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Concert Review: Baroness

Concert Review: Baroness

Some of the best metal, such as the music of Baroness, offers euphoric payoffs despite its rugged darkness.

(Photo: Enric Lamarca Rizo)

“Is the singer scary?” my friend emailed me in the middle of Baroness’ set last week at Portland’s Wonder Ballroom. It’s interesting that as an overarching genre, metal is considered frightening. It is easy to get confused as some sub-genres, such as black metal, can be genuinely terrifying. Yet, some of the best metal, such as the music of Baroness, offers euphoric payoffs despite its rugged darkness.

Despite the face tattoos, Motörhead T-shirts and a heavily male demographic, the crowd at the Portland show did little to intimidate. Two guys moshed for a moment, but the rest of the crowd remained respectively locked in for the band’s 90 minute performance. A lesser review would likely tie Baroness’ soaring songs to an elation of survival (the band was involved in a near fatal bus accident in 2012, which saw two members leave the band). But I have seen Baroness pre-accident, and front man John Baizely has always been appreciative of the crowd.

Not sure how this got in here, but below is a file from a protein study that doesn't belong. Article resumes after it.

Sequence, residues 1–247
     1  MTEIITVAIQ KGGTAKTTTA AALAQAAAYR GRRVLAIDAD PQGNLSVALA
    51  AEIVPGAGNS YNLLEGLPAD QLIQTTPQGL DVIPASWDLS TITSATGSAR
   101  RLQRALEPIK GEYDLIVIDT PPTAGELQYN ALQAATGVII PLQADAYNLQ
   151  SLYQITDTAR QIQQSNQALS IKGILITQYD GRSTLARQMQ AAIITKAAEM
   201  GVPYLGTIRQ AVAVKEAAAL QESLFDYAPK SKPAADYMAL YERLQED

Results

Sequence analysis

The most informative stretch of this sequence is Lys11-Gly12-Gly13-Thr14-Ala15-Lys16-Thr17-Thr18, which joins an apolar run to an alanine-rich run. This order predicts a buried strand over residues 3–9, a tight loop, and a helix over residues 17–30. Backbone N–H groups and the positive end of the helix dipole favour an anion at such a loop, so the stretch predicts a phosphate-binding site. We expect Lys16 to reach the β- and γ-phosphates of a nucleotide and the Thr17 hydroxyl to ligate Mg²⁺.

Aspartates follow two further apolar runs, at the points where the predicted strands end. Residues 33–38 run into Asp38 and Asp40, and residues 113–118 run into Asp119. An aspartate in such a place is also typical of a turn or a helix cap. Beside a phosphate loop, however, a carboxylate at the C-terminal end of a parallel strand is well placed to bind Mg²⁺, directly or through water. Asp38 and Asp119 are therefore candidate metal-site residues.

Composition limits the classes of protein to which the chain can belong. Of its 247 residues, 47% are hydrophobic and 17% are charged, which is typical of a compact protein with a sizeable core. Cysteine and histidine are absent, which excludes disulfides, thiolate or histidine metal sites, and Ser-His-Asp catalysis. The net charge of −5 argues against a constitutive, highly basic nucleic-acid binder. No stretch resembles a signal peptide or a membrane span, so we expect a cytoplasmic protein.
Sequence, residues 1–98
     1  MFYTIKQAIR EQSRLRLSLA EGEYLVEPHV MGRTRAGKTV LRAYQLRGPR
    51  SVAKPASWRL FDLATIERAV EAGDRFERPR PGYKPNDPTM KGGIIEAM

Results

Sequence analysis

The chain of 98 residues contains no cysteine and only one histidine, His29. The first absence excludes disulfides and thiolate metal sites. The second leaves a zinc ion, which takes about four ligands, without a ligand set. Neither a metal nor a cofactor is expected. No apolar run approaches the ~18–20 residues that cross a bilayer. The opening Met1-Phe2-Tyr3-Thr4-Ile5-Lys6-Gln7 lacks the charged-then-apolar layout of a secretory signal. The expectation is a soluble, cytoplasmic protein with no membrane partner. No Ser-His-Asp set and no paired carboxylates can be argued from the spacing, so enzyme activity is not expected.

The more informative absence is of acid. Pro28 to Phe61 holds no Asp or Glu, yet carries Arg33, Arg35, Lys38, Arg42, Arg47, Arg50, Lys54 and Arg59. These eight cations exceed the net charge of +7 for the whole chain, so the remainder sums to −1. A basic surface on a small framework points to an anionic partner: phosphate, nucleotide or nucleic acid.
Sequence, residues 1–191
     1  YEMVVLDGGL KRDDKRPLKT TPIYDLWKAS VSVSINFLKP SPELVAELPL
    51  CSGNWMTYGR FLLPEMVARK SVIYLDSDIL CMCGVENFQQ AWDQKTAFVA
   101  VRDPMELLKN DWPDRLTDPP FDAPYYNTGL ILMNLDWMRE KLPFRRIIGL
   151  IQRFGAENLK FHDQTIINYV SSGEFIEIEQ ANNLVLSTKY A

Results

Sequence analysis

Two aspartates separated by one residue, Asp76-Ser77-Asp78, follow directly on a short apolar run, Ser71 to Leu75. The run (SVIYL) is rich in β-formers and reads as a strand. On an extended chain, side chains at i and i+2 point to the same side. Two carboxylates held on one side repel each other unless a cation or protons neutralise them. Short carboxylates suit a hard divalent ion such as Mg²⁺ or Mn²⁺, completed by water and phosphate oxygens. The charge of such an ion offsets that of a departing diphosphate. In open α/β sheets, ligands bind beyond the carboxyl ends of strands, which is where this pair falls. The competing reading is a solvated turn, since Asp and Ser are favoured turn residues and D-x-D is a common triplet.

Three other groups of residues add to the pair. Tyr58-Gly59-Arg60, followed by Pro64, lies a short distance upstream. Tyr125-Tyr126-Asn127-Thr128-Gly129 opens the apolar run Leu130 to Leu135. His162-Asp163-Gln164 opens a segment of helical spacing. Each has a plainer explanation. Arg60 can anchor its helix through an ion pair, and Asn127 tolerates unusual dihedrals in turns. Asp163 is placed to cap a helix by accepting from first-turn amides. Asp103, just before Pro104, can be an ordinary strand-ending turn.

With his shaved head, bushy, dark beard and shouted vocals, Baizely could cut an imposing figure. However, there was something inclusive about his performance. He smiled, nodded and pointed to fans and thanked everyone for coming out for the show. Kicking off with the one-two punch of “Kerosene” and “March to the Sea,” Baroness incited the crowd to get lost in their world of darkness. The 16-song setlist leaned heavily on new album, Purple, but the band also dug back into its catalog.

Though the sound does vary, the typical structure for a Baroness song is a quiet intro, followed with a speedy refrain before lifting into a major chord chorus. Baizely and the rest of the band are also amazingly gifted musicians. Lead guitarist Pete Adams can absolutely shred, and his backing vocals were so spot-on it sounded like Baizely was double tracked. The secret weapon, however, was bassist Nick Jost who stood back from the front of the stage, shirtless and absolutely wowing with his prowess on the instrument.

Filmed live for Yahoo!/Live Nation TV, the show was an ecstatic blast of rock ‘n’ roll. The club roiled with excitement, and despite the stuffiness inside, we sweated and shouted along to the songs. The band finished the first set by reaching back to “The Gnashing” from Blue Record and then thrilled old fans when it returned for an encore featuring “Isak” from 2007’s Red Album. Though “Eula” and “Back Where I Belong” didn’t make an appearance, the show-closer “Take My Bones Away” from Yellow & Green was absolutely amazing. Baizely and Adams appeared to revel in connecting with the crowd. It was a quite a show.

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